Joseph Phelps, Insignia 1997 is a legend because…

Insignia was one of Napa’s first proprietary Bordeaux-style blends, although the very first vintage, 1974, was pure Cabernet Sauvignon, as was the 1976. By 1977 it had taken on its present form. Although the precise blend has varied over the years, it has always been Cabernet-dominant. In an appealing contrast to many of Napa’s cult wines, Insignia is made in substantial quantities. The 1997 represents the peak of production, and today Insignia ranges from 120,000 to 180,000 bottles.

Looking back

Construction tycoon Joseph Phelps began a new career as wine producer in 1973. As well as excellent Cabernets, his winery became known, under its German winemaker Walter Schug, for its Rieslings and botrytis wines and for some of California’s first Syrah bottlings. The idea of a proprietary blend is now commonplace in Napa and Sonoma, but again Phelps was the pioneer of this style. Craig Williams took over as winemaker in 1983 and continued to fine-tune the Insignia blends, sourcing more and more of the fruit from Phelps’s own Napa vineyards.

The vintage

This was both an early and big vintage. Cabernet Sauvignon resisted a rainy and humid mid-August, though some Merlot suffered. The huge crop led to some dilution in poorly managed vineyards. A dry September with moderate temperatures brought the Cabernet to perfect ripeness, with picking lasting four weeks until 8 October. Insignia was always hailed as one of the wines of 1997; some other Napa reds were clearly overripe and are now in decline.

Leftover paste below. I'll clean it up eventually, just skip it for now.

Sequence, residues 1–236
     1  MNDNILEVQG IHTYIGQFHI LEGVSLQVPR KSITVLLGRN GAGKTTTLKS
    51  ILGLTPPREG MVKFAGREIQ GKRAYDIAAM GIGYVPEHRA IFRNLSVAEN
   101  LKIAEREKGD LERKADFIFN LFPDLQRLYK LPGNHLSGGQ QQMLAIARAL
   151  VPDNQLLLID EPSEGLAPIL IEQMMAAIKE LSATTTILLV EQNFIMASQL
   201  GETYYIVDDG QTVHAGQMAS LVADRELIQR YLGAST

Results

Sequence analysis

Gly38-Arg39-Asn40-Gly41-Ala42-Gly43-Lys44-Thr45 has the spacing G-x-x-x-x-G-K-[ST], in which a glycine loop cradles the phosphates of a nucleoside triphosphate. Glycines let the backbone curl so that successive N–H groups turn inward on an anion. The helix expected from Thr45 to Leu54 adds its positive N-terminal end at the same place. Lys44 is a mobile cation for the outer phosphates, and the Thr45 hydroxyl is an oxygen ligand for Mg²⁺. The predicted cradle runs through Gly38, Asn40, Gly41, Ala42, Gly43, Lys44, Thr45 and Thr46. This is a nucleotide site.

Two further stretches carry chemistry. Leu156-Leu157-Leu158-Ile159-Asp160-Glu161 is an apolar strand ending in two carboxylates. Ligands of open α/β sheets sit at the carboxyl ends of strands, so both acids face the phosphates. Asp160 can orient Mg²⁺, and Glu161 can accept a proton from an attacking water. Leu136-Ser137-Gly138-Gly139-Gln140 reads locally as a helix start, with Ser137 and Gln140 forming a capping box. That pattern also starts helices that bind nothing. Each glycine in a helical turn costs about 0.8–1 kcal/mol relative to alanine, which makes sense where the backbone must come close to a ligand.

The terroir

From 2004 Insignia was produced only from Phelps’s own estate vineyards in various parts of Napa Valley, but in 1997 about 40% of the grapes were purchased from other growers with whom the winery had long-term relationships. As a selection it was produced from many different lots, so that it doesn’t make much sense to speak of a precise terroir behind the wine. The Cabernet Sauvignon came from vineyards in Rutherford and Stags Leap; the Merlot was sourced from Carneros, and the Petit Verdot from Napa Valley.

The wine

The grapes from different sources were sorted and fermented separately in stainless steel tanks, then aged separately until the spring of 1998. The various lots were then tasted and the final blend composed. This definitive version of the 1997 was aged in new barriques for a total of 26 months before being bottled.

The reaction

I’ve tasted this vintage four times, most recently in 2012: ‘Very ripe and intense mint and blackcurrant nose, with eucalyptus tones. Very rich palate, but lifted and vigorous, with pungent acidity. Not tiring at all.’

The facts

Bottles produced 240,000
Blend 83% Cabernet Sauvignon, 14% Merlot, 3% Petit Verdot
Yield N/A
Alcohol 13.9%
Release price $120
Price today £312